Hands of a person holding Xanax and alcohol

Xanax and Alcohol

What are the dangers of mixing Xanax and alcohol? Combining these two substances can have severe and potentially fatal consequences. If you or someone you know makes it a habit to mix substances—specifically Xanax and alcohol—you may want to consider enrollment in an alcohol rehab program. Call 844.875.5609 to speak with someone from Promises Behavioral Health about alcohol addiction or a dual diagnosis treatment program.

About Xanax

Xanax is a benzodiazepine and a depressant for the central nervous system (CNS). Doctors prescribe Xanax to treat anxiety disorders or panic attacks. It is one of the most prescribed benzos on the market today.

Something to note when thinking about the dangers of mixing Xanax and alcohol is that Xanax, by itself, can still cause someone substantial harm. The side effects of Xanax abuse and addiction include the following:

  • Excessive tiredness
  • Memory issues
  • Difficulty concentrating
  • Slurred speech
  • Dizziness

And like any addiction, you may also experience withdrawal symptoms when trying to quit taking Xanax.

About Alcohol

Alcohol is another CNS depressant. It works by slowing down the communication between the brain and body, which can give someone a sense of relaxation or euphoria. People often drink alcohol for its effects—its ability to reduce stress and make them feel more social or confident.

Like Xanax, alcohol can cause side effects of its own if abused or overused:

  • Slurred speech
  • Blurry vision
  • Dizziness
  • Loss of coordination and balance
  • Vomiting
  • Memory loss

Someone going through alcohol withdrawal can also experience delirium tremens (DTs), which can be fatal.

The Dangers of Mixing Xanax and Alcohol

Xanax and alcohol produce similar effects on the body. Xanax releases gamma-aminobutyric acid (GABA) and dopamine in the central nervous system. Both neurotransmitters simultaneously produce a soothing feeling and a euphoric effect. In other words, you feel relaxed and feel good simultaneously. Alcohol acts as a stimulant and depressant during different phases of its impact on the body. It releases high levels of dopamine, which produces feelings of pleasure. However, alcohol also releases GABA, which leads to a relaxed feeling—too much alcohol results in intoxication. As a result, you may experience inhibition in certain behaviors or slowed motor skills. 

It is dangerous to consume Xanax and alcohol at the same time. If you overdose on Xanax and alcohol, you may experience side effects such as:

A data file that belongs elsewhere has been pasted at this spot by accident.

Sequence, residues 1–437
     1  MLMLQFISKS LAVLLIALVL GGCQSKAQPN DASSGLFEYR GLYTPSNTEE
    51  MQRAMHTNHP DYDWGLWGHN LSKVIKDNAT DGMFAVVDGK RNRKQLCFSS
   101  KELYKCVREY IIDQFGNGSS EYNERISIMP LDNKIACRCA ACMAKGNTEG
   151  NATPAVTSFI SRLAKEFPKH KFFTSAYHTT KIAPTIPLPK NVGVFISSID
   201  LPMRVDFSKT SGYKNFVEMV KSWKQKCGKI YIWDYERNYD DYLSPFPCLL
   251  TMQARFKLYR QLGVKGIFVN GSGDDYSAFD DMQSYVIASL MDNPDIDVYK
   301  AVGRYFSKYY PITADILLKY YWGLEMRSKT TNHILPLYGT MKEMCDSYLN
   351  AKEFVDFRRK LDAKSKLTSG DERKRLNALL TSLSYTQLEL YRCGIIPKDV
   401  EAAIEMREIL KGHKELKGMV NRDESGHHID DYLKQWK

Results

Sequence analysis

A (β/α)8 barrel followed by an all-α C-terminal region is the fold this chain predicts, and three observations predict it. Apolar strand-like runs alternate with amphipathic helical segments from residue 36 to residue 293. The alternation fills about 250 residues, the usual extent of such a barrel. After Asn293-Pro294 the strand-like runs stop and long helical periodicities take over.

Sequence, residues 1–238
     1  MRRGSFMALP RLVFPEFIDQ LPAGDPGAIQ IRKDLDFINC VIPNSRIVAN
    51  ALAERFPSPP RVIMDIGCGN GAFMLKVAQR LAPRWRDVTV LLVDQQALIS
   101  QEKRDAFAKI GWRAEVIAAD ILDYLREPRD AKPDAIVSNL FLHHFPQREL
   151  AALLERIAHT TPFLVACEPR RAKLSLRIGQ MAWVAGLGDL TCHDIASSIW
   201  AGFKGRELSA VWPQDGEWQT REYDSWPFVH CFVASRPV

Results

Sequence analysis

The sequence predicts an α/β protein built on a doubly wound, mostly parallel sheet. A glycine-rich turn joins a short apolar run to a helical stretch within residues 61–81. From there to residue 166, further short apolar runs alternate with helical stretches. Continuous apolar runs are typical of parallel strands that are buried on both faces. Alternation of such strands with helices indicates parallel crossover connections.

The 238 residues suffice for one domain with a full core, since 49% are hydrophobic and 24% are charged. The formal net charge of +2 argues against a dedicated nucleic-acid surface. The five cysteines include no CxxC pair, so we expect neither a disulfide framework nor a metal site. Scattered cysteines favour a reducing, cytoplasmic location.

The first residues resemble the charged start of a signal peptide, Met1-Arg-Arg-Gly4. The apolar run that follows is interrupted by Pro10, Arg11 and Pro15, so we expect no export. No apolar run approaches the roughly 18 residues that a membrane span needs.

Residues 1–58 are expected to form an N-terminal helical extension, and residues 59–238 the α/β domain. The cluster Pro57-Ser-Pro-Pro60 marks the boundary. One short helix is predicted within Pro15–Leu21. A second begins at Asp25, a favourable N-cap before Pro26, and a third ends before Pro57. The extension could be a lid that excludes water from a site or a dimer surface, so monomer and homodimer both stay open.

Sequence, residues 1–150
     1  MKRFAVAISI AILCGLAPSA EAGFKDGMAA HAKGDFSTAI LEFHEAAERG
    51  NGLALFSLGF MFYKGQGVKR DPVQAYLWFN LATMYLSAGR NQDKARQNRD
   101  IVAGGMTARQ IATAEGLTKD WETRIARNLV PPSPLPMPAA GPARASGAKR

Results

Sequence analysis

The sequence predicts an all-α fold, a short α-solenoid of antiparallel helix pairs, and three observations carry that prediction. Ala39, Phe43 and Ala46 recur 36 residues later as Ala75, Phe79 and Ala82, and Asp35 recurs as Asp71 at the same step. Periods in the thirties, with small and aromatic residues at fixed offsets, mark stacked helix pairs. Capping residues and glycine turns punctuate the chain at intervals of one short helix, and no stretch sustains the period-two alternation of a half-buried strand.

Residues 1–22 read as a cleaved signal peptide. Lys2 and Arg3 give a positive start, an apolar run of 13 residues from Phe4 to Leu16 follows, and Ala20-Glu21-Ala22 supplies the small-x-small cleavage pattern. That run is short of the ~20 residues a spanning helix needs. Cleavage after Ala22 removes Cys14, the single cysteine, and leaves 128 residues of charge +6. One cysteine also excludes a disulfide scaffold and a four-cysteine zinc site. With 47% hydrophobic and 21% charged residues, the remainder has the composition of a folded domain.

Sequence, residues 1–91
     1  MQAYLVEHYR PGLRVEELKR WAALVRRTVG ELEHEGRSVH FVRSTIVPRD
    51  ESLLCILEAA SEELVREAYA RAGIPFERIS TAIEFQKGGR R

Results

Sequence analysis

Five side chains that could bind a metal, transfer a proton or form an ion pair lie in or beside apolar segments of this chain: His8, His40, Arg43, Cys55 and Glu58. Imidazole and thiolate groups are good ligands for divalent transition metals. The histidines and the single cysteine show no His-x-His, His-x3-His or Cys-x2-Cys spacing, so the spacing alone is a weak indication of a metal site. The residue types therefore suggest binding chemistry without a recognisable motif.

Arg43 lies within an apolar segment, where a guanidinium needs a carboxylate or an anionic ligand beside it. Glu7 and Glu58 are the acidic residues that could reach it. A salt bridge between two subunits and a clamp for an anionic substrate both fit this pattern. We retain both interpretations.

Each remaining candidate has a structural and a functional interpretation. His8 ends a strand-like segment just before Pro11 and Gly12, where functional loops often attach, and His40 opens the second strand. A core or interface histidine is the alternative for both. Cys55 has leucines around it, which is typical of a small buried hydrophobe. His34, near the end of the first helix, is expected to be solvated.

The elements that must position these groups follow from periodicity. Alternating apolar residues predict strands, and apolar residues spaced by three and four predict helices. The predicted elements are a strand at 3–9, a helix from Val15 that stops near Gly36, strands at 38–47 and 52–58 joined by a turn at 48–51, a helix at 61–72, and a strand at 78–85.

• Increase fatigue or lethargy
  • Lightheadedness
  • Irritability or feelings of restlessness
  • Cardiovascular or respiratory problems
  • Potential to go into a coma
  • Liver or kidney damage

If you continue to use Xanax and alcohol for extended periods, you increase the risk of having severe life-altering health problems. You may also develop a dependency or addiction to both substances. If so, you should seek help at a substance abuse treatment center in Texas, Tennessee, or whichever state you reside in.

How Detox and Addiction Treatment Can Help

Addiction treatment begins with entering a detox center. Detox allows you to get clean and prepare for rehab. During detox, you may experience multiple withdrawal symptoms. Your symptoms may also be worse if you are addicted to Xanax and alcohol at the same time. Addiction treatment specialists can provide medication-assisted treatment (MAT), holistic therapy, and counseling during this time.

Once you complete your detox, you may enter a rehab program. Your therapist will provide individual and group therapy and specialized treatment to help you get through rehab successfully. You may also undergo dual diagnosis as a part of your treatment. If you are taking Xanax because of depression or anxiety, a specialist can treat your mental health condition and addiction. You can get the treatment you need to manage your condition and recover from substance abuse.

Find Xanax and Alcohol Addiction Treatment with Promises Behavioral Health

If you are currently addicted to Xanax and alcohol, you can get help from a Promises addiction treatment center. To learn more about our treatment programs and get the help you or your loved one needs, contact Promises today at 844.875.5609.

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